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Quoaor

Quaoar, (pronounced kwah-o-wahr) is a recently discovered Kuiper Belt Object named by Michael Brown and his team of astronomers for the Tongva Native American peoples' creation deity. (Brown, n.d.e.)

 

This discovery was the largest body found in our solar system since Pluto (1930). That was until Sedna and 2003UB131 came along! Estimated at about 1250km, or 1/2 the size of Pluto, Quaoar ranks high in size, especially for objects found in this remote (42 AU) region of our solar system.

 

Closer to us than the most distant Sedna , Quaoar is 6 billion kilometers away! Michael Brown and his team from CalTech only looked at 5% of the Kuiper Belt before finding Quaoar. It's likely there are more bodies like this one out there! Read more about the astronomical Quaoar . . .

 

 

Mythology: Like many creation myths the story of Quaoar begins with Chaos. That's all there is! Then Quaoar sings and dances 'life' into existence. His first creation is 'Weywot' , or 'Father Sky' and then he dances in 'Chehooit' or Mother Earth. Now the three together sing and dance in more and more complex deities and creatures, each new creation joining in. Soon not only these 'lesser gods' are brought into existence, but so are all the plants and tress and animals and people. Quaoar, his work apparently done, then retreats from the created universe. (Saunders & Ramsey, 2006)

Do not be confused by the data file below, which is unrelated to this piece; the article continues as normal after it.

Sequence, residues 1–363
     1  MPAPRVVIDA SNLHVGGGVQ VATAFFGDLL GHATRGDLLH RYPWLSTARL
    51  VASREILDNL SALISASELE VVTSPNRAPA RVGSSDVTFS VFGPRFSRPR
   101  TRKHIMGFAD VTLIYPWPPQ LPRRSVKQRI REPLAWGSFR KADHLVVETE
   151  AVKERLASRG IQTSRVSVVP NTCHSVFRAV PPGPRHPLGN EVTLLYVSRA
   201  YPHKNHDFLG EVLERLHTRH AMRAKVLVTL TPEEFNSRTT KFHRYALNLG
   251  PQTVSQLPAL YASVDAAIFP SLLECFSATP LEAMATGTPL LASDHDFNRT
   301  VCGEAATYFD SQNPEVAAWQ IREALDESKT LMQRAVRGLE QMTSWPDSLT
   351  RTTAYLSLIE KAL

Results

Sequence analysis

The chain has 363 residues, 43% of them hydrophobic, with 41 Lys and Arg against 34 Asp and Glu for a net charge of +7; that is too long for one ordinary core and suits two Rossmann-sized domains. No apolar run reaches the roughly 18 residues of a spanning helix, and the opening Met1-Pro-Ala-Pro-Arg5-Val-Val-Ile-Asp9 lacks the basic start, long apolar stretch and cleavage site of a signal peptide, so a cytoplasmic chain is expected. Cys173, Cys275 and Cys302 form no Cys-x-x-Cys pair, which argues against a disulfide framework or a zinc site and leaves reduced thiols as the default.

The resemblance to ancient Greeks Hesiod's rendition of creation makes an interesting comparison.

 

In truth at first Chaos came to be, but next wide-bosomed Earth, the ever-sure foundation of al the deathless ones who hold the peaks of snowy Olympus, and dim Tartarus in the depth of the wide-pathed Earth, [120] and Eros (Love), fairest among the deathless gods. (Hesiod theo.120)

 

Here we have Eros, who 'causes all things to mingle' bringing about the race of birds and plants and people.

 

In the Hindu tradition there are also striking resemblances to the creation, out of chaos, of the gods and the life of the universe. Read more mythology . . .